Office CHOICE ? HIV/AIDS Initiative or This e-mail address is being protected from spambots. You need JavaScript enabled to view it

What Do My Test Result Mean?

A negative test result means:

  • If you have not engaged in any risky behaviors for the last 6 months, you are not currently infected with HIV. If you have had unprotected sex or shared needles or have other risk factors in the last 6 months, you should be tested again. You could still be HIV positive, and pass the HIV on to other people, even though your test is negative.
  • A negative test does not mean that you are immune to HIV.
  • Some people who have a negative test may be tempted to continue risk behaviors, believing "It can't happen to me." If you continue unsafe behaviors, you are still at risk.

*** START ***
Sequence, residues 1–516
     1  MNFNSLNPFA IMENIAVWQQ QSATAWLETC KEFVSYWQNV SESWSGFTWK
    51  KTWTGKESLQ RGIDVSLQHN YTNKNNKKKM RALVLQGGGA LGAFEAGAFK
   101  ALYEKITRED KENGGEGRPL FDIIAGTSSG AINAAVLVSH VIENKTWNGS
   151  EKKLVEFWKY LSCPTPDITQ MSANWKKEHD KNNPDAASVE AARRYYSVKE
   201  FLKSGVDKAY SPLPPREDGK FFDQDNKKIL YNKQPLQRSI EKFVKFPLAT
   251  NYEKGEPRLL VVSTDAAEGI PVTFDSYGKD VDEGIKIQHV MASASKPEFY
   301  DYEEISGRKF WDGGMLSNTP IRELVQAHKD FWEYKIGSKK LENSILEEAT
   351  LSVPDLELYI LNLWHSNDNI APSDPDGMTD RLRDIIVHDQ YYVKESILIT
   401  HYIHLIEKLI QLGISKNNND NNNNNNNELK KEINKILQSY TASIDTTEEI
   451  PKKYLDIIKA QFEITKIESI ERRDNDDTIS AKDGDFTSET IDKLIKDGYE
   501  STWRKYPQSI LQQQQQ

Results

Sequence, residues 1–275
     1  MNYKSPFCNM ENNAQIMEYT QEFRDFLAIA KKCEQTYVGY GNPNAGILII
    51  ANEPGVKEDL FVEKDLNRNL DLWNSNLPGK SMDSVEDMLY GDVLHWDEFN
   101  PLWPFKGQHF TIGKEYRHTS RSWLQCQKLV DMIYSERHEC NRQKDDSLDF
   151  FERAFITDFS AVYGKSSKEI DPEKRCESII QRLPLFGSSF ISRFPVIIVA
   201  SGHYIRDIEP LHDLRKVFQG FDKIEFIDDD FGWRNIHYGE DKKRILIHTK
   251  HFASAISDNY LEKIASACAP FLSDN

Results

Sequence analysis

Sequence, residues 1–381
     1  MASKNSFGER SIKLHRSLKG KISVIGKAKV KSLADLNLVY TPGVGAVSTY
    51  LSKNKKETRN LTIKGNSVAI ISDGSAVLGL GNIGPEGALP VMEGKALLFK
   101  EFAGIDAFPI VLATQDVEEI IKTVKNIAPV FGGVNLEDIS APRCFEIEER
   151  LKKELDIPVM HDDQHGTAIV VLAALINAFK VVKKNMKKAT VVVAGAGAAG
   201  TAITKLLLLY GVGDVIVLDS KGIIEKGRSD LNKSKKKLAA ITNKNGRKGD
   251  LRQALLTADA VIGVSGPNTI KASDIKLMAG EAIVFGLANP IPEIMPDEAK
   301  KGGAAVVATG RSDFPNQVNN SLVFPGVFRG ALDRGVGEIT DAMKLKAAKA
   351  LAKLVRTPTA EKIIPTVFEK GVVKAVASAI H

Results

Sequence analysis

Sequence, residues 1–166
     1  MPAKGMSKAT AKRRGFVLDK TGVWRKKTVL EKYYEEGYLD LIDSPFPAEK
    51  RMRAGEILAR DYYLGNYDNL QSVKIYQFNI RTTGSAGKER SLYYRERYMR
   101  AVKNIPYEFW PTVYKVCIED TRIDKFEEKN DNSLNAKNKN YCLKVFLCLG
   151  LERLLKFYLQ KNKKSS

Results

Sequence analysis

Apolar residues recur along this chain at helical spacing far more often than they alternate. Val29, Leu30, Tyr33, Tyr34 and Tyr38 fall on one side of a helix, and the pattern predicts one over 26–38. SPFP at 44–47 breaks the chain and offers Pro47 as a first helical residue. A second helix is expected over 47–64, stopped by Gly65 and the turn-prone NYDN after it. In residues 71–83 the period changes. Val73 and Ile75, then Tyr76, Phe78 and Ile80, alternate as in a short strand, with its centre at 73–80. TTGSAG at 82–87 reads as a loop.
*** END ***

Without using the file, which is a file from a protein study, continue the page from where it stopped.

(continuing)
A Positive test result means:

  • You are infected with the HIV virus. This does not necessarily mean that you have AIDS.
  • A person with HIV is infected for life. He or she can pass the virus to others by having unprotected sex, or by sharing drug use needles or equipment. To protect yourself and others, you need to avoid doing these things. A woman who has HIV can pass it on to her unborn or breast feeding baby. Those carrying the HIV virus should not donate blood, plasma, semen, body organs, or other tissue.
  • You should choose a doctor to monitor the progression of HIV in your body, and advise you on when it is appropriate to begin treatment. There are differing opinions about how early to begin treatment, but it's clearly much better to begin treatment long before symptoms of AIDS develop. The only way you can tell when to begin treatment is by having a doctor interpret additional tests. You may wish to change to a doctor that specializes in HIV care.